May 13th, 2003 02:36 AM
A smart trojan user would never let you know they were there so that they could continue to gain information, if there is such a thing. And even if they have many tojans installed most of them can still be removed, many AV programs have heuristics that will even find small programs that were written by the cracker themselves and not just downloaded of some geocities webpage. As for keyloggers it can be a little harder if they don't send information out, I could be wrong but I don't think that simple checking of what is typed is something that sets off alarms in most AV heuristics as many word processors do this for spell checking albeit in a slightly different way. You already installed a firewall so if you see odd connection attempts from programs that don't make sense then look into it as it could be a keylogger trying to email it's daily capture if it's set up to do that, other then that look for folders with growing text files then start looking through running processes for something out of the ordinary. I know what every process on my machine is so when something shows up I know someone's been messing with my computer.
Originally posted here by Qualm
Smart trojan users will install redundant trojans, keyloggers, etc. Then they'll keylog your passwords and steal your files, and then they'll mess with your head.
Reality is the one who has it wrong, not you
May 13th, 2003 03:23 AM
I would suggest logging in to your eBay and Paypal accounts from a computer you are reasonably sure is clean, and changing your passwords ASAP. You can set eBay to not automatically log you on when you connect, which is what you should set until you are sure there are no keyloggers left running on your machine.
Originally posted here by CarefulEugene
I have used EBay & Paypal
There are four principal areas where, on an average system (meaning not one that has anything special like an Intrusion Detection System loaded on it), you will find traces of trojans and other active security breaches:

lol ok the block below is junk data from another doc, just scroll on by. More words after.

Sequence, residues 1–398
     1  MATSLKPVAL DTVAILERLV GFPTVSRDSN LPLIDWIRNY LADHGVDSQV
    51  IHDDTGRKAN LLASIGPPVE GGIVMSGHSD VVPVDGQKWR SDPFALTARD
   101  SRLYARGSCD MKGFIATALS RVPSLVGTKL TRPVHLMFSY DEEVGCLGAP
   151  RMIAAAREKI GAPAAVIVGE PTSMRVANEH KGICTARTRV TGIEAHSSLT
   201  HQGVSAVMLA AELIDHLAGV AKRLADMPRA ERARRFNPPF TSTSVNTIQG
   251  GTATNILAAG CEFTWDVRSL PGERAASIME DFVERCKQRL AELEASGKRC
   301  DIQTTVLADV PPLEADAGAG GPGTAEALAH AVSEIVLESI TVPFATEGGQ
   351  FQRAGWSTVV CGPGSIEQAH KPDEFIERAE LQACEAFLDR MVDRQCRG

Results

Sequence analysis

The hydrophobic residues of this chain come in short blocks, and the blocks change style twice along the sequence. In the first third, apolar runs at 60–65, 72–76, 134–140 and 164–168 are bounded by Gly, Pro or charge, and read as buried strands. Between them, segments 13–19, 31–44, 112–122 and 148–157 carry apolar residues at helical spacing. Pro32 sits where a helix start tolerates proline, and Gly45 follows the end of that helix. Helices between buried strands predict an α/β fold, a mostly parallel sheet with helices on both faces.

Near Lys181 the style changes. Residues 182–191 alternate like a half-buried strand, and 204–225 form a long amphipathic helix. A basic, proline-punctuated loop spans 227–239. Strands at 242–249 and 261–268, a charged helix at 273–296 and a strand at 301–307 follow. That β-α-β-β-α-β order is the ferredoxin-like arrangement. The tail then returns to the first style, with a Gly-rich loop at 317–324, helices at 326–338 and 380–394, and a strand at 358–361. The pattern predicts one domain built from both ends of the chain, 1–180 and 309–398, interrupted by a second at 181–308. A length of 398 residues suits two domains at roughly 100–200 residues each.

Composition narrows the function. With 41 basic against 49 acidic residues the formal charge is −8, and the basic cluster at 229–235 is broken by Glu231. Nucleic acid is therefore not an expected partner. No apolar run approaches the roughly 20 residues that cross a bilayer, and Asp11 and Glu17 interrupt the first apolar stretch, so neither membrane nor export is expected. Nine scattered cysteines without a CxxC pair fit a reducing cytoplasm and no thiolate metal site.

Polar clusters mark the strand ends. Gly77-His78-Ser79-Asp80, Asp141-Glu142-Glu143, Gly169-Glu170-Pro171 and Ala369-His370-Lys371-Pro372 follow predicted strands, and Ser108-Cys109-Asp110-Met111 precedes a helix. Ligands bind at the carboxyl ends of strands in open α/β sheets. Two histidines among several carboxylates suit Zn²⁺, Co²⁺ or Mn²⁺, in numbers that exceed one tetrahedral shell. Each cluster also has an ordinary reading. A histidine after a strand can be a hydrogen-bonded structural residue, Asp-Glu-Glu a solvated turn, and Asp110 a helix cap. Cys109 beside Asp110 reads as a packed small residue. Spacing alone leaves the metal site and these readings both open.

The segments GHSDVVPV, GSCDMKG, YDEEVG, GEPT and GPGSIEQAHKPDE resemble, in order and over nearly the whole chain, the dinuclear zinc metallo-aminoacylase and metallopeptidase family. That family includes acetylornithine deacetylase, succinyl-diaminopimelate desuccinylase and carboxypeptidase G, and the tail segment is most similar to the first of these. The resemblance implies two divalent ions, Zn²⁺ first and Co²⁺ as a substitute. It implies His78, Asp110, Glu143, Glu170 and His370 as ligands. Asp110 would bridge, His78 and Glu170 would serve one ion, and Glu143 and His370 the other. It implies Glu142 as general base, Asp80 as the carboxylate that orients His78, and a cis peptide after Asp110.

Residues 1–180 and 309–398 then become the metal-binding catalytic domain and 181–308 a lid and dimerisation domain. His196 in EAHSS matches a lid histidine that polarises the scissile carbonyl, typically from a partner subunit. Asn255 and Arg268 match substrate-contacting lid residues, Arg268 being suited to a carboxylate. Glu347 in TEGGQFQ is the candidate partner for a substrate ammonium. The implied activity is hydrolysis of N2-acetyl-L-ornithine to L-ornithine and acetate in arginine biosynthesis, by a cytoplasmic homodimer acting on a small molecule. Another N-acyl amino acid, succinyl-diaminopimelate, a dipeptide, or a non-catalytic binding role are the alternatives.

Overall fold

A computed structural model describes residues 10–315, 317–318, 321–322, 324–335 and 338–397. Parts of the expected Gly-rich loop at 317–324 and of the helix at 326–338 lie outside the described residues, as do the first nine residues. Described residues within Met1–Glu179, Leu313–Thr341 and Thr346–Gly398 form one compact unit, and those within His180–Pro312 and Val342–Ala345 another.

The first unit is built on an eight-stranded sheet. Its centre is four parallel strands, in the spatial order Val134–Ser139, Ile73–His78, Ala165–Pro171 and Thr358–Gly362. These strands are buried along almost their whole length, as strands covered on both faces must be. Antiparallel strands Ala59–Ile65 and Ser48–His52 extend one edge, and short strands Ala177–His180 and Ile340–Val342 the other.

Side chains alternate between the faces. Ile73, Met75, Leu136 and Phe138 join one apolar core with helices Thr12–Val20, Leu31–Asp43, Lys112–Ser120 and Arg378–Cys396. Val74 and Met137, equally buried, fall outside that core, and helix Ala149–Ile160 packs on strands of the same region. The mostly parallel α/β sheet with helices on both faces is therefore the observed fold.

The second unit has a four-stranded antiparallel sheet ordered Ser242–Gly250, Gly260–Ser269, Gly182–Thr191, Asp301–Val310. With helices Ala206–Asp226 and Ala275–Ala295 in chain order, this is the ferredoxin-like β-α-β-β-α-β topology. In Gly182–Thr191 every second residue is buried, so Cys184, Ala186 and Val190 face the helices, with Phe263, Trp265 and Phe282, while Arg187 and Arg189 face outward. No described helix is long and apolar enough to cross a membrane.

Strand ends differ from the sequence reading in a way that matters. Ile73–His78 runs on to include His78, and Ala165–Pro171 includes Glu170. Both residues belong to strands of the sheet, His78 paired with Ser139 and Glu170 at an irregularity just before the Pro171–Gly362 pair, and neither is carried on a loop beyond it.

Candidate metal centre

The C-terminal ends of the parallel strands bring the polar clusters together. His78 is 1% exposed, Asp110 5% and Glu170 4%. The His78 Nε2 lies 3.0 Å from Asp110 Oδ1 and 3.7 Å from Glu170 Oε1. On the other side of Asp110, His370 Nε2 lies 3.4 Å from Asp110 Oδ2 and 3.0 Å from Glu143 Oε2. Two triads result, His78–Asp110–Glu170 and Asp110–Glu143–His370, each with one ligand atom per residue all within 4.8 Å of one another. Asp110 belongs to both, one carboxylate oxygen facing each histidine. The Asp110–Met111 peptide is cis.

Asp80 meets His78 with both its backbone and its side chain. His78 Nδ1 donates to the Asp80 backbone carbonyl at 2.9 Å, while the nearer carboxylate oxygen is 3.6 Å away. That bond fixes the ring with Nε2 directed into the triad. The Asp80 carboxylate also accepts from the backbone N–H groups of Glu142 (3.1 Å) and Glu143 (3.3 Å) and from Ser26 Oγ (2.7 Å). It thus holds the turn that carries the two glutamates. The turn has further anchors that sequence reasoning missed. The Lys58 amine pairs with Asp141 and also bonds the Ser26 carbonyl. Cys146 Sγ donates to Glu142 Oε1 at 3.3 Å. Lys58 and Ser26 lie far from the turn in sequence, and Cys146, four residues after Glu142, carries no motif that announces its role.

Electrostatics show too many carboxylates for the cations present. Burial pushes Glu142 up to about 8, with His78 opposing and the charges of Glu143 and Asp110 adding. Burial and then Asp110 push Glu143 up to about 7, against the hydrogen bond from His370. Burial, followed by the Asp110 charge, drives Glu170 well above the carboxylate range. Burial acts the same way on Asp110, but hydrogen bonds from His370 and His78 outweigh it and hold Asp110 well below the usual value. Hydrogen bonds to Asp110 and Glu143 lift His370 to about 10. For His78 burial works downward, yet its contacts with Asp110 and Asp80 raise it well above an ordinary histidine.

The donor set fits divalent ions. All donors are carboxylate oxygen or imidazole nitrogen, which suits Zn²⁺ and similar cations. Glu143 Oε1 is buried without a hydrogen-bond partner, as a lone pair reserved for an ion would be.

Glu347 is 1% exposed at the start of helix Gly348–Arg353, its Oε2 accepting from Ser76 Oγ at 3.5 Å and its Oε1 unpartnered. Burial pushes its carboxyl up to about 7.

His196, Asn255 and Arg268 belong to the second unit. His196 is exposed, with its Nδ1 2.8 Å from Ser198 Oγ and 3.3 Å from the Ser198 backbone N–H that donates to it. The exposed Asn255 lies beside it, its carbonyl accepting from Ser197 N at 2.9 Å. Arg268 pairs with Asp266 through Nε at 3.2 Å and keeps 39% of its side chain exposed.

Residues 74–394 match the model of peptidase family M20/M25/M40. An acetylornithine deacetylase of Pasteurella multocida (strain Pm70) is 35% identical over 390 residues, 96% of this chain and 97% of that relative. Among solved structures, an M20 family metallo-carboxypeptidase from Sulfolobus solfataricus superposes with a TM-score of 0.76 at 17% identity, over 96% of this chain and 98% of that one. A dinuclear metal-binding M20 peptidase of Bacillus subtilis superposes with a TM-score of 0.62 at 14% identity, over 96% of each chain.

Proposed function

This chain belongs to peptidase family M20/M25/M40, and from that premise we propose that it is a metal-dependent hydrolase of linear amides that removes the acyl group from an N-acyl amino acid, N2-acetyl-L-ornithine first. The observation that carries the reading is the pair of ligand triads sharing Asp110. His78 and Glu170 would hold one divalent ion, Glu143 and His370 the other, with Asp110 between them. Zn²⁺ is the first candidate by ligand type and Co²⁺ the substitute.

1. Your firewall logs - as you've already mentioned, your firewall will log a lot of nasty activity such as programs and people trying to connect to ports which are blocked.
2. Open ports and the programs connected to them - a good port scanner/port monitor like Active Ports will tell you what ports are open, what IP's are connected to them, and what programs are listening on them. Do google searches on specific open port numbers and listed programs, you will learn a lot that way.
3. Suspicious registry entries - specifically, programs set to automatically run at startup which you don't recognize or are otherwise suspicious. Again, google searches will tell you a lot about what's legitimate and what isn't normal.
4. Running processes (task manager, process window). This is where you'll find the harder to detect (and nastier) stuff. For example (just an example, this is rare and advanced hacking), if you see a .txt file listed as a running process, that's a major alarm bell because you've likely been hacked by someone who is sophisticated enough to exploit a specific "feature" of certain Microsoft OS's. Google anything odd you see (most of the processes there are cryptically named but perfectly normal).
What I'm trying to say is, don't rely on AV and anti-trojan scanners exclusively, particularly NOT on an already-cracked system. Really vicious trojan users will crack a system, install a backdoor or three with detectable signatures, and then customize and recompile from downloadable sourcecode an undetectable (by commercial scanners that is) backdoor. You can still find that one though if you know where to look for traces (see above) and do your homework.
May 13th, 2003 03:43 AM
I don't want to underestimate the guy, but this may give a clue as to how smart he is (or how confident he can bust me---take your pick) He had actually sent me an e-mail telling me he was going to be cracking my accounts. Pretty poor English was used (Please to cry-I am to be cracking all your accounts, etc..)
After doing the scan on my system this thing came up as an exploit: PRegScheduler. I dumped it since I didn't know what the hell it was.
One last thing...This is the IPA that just keeps on coming up on my firewall alert..184.108.40.206.
What do you guys recommend I do with it ?
May 13th, 2003 08:39 AM
I got this off that IP but I think I might have done the wrong search but you never know... this might actually be the right admins, address, and (ect)
220.127.116.11 - 18.104.22.168
1577 SPRINGHILL ROAD
VIENNA, VA, 22182
22.214.171.124 - 126.96.36.199
1701 E WOODFIELD
ROSEMONT, IL, 60173
And thanks to |The|Specialist I was able to DL his port scanner and I picked up these ports: 21, 25, 110, 135, 139, 389, 515, 1002, 1028, 1031, 1720 & probably others.
May 13th, 2003 12:34 PM